How GDPR Will Change The Way You Develop — Smashing Magazine

Europe’s imminent privacy overhaul means that we all have to become more diligent about what data we collect, how we collect it, and what we do with it. In our turbulent times, these privacy obligations are about ethics as well as law.

Web developers have a major role to play here. After all, healthy data protection practice is as much about the development side — code, data, and security — as it is about the business side of process, information, and strategy.

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  1. Tomi Engdahl says:

    GDPR Compliance: A Carrot or Stick Approach?

    There’s Little Value in Heading Down the GDPR Path Simply to Avoid Being Hit With Penalties

    As most of you know, the new General Data Protection Regulation (GDPR) comes into force on May 25, 2018 and will introduce major new laws for data processing in European Union (EU) member countries and anywhere EU personal data is processed. In other words, even if your business is based in the U.S., if you process data of EU citizens you are affected. The laws give many new personal data rights to EU citizens, including the right to withdraw consent, easier access to their data, and the right to know if their data has been compromised by a cyber attack. And that’s just the start.

    Penalties for non-compliance with GDPR will be severe. For example, if your organization fails to report a data breach within 72 hours, expect a fine. Fines can reach four percent of global revenue or 20 million Euros (more than $24 million), whichever is higher. Organizations, regardless of size, will be subjected to such penalties and that’s because everyone’s data is equally valuable and no organization is immune to attacks. There will be some proportionality shown depending on factors like the size of the infringement, the effectiveness of reporting, the scale of the effort made to be compliant, the type of information lost, and the type of organization being fined. However, all indications are that any organization fined is likely to find the experience painful, by their own relative terms.

    Without a doubt, financial penalties of such magnitude are a pretty sizeable stick. But if your organization approaches GDPR compliance by focusing on the stick – searching for a GDPR check list of security dos and don’ts, or a GDPR product to buy to protect you from a fine – you’re out of luck. GDPR defines outcomes, not the means of delivering them. It also demands proper consideration and shouldn’t be approached with a check-box mentality.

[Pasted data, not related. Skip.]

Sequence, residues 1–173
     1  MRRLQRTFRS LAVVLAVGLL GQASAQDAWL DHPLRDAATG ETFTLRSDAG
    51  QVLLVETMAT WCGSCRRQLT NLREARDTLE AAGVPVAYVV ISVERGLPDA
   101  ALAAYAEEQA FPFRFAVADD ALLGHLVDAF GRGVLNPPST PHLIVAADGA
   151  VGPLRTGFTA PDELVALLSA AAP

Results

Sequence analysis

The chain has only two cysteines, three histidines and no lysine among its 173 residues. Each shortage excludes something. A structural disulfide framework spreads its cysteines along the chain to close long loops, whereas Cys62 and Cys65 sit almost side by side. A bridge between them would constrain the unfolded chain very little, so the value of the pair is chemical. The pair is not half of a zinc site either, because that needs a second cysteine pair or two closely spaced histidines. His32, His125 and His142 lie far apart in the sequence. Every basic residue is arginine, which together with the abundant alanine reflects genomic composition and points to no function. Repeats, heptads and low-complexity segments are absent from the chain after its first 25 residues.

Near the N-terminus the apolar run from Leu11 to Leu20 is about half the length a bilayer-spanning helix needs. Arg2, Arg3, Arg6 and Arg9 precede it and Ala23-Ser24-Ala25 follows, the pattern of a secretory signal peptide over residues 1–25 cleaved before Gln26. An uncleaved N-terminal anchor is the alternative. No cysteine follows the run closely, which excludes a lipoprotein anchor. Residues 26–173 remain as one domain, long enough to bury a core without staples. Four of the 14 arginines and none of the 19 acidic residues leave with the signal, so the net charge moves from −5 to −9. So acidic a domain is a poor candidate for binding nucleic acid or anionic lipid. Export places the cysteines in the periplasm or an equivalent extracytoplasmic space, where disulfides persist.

So, what if we shift our approach and instead focus on the carrot? I

    Focus. Since the 1990s there has been a patchwork of legislation across the EU that companies doing business in that region have had to understand and comply with. While GDPR is a game-changer, it brings consistency and focus that can streamline efforts. GDPR also attempts to introduce a risk-based approach to data protection, so you can prioritize how you address risks based on the threat to your organization. Granted, this single set of rules are more stringent than many businesses are used to working with today, but that leads to the next benefit…

    Business health. The set of rules that comprise GDPR form a framework for ongoing accountability and good personal data stewardship. Incident response, data mapping, and maturity assessment all become part of your business plan.

    Customer confidence. When your customers and partners know that they’re working with a company that has embraced GDPR and is meeting these stringent standards, they can feel confident that their data is safe. The value of this cannot be understated. A recent study by Gemalto found that 69% of consumers feel businesses don’t take customer data seriously and 70% would stop doing business with a company if it experienced a data breach. Having consumer confidence is an enviable competitive advantage that contributes to business growth.

    Digital transformation. As I’ve discussed many times before, security is an enabler of digital transformation. Success depends on secure transmission of sensitive data and protecting the systems that store and use that data.


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